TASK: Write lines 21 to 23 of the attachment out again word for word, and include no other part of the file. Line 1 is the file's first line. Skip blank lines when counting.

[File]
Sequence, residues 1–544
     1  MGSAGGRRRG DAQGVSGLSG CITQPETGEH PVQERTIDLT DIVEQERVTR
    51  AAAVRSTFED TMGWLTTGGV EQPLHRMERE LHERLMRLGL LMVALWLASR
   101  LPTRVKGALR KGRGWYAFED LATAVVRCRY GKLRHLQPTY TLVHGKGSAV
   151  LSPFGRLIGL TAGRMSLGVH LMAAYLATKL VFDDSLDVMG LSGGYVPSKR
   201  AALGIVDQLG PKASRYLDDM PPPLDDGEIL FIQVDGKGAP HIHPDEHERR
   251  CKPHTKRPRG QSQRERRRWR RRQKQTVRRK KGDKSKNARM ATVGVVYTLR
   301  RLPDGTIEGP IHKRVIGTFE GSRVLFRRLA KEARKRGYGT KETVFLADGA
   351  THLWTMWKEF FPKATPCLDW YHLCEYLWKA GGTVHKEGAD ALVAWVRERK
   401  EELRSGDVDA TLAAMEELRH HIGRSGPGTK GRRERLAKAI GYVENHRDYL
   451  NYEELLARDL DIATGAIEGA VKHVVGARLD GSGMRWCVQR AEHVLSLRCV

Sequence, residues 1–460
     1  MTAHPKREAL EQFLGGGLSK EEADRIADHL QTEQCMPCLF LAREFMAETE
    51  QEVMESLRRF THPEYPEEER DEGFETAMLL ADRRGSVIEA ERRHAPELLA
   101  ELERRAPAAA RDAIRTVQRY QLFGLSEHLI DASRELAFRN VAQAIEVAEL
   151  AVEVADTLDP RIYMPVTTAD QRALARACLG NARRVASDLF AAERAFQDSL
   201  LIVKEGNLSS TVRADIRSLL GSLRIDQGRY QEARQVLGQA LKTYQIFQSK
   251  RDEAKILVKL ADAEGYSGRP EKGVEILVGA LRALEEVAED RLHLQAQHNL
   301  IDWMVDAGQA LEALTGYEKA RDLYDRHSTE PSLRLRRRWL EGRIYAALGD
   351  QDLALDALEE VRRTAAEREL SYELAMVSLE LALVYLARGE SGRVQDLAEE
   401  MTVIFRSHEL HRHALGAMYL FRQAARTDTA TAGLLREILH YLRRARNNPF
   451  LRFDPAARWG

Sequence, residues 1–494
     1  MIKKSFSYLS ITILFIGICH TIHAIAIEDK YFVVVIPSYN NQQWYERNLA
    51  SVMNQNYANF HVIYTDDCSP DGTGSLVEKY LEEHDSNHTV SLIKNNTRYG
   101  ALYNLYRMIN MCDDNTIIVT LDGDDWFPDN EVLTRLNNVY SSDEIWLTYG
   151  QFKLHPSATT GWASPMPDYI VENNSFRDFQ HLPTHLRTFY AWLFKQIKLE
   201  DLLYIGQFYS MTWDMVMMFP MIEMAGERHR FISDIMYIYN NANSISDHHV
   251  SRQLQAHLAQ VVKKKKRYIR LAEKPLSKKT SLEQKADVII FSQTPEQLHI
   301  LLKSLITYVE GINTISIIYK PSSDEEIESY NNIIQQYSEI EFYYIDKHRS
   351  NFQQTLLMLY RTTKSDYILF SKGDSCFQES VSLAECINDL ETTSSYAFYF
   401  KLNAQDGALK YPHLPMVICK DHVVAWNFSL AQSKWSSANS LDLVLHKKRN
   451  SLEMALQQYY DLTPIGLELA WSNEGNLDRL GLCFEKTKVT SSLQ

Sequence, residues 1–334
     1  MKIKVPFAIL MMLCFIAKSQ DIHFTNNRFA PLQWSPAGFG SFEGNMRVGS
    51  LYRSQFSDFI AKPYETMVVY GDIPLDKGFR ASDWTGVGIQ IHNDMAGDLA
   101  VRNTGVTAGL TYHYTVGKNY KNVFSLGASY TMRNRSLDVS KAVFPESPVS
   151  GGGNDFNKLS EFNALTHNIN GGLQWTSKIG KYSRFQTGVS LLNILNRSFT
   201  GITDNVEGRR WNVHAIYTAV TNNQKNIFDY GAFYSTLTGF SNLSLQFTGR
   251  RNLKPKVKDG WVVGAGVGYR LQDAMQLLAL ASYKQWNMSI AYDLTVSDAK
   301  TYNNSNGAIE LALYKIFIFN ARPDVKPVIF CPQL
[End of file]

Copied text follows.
   401  MTVIFRSHEL HRHALGAMYL FRQAARTDTA TAGLLREILH YLRRARNNPF
   451  LRFDPAARWG

Sequence, residues 1–494